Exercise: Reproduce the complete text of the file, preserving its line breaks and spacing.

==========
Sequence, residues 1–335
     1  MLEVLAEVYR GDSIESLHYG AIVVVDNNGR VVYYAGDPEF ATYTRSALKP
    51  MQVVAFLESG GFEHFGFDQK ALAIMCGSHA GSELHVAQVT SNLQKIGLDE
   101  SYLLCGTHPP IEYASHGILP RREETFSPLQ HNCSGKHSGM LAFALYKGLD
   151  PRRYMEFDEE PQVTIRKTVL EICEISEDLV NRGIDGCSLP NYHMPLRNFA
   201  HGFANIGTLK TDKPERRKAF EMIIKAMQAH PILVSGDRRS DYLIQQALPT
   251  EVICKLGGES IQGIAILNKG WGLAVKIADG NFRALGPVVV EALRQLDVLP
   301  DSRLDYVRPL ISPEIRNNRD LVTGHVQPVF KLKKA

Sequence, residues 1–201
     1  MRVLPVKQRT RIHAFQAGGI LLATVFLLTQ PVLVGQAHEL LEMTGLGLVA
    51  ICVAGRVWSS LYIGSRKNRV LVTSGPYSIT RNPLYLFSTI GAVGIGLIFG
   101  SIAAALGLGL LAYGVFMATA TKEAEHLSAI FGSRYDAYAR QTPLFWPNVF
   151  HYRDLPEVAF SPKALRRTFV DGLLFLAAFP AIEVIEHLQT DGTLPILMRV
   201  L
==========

Sequence, residues 1–335
     1  MLEVLAEVYR GDSIESLHYG AIVVVDNNGR VVYYAGDPEF ATYTRSALKP
    51  MQVVAFLESG GFEHFGFDQK ALAIMCGSHA GSELHVAQVT SNLQKIGLDE
   101  SYLLCGTHPP IEYASHGILP RREETFSPLQ HNCSGKHSGM LAFALYKGLD
   151  PRRYMEFDEE PQVTIRKTVL EICEISEDLV NRGIDGCSLP NYHMPLRNFA
   201  HGFANIGTLK TDKPERRKAF EMIIKAMQAH PILVSGDRRS DYLIQQALPT
   251  EVICKLGGES IQGIAILNKG WGLAVKIADG NFRALGPVVV EALRQLDVLP
   301  DSRLDYVRPL ISPEIRNNRD LVTGHVQPVF KLKKA

Sequence, residues 1–201
     1  MRVLPVKQRT RIHAFQAGGI LLATVFLLTQ PVLVGQAHEL LEMTGLGLVA
    51  ICVAGRVWSS LYIGSRKNRV LVTSGPYSIT RNPLYLFSTI GAVGIGLIFG
   101  SIAAALGLGL LAYGVFMATA TKEAEHLSAI FGSRYDAYAR QTPLFWPNVF
   151  HYRDLPEVAF SPKALRRTFV DGLLFLAAFP AIEVIEHLQT DGTLPILMRV
   201  L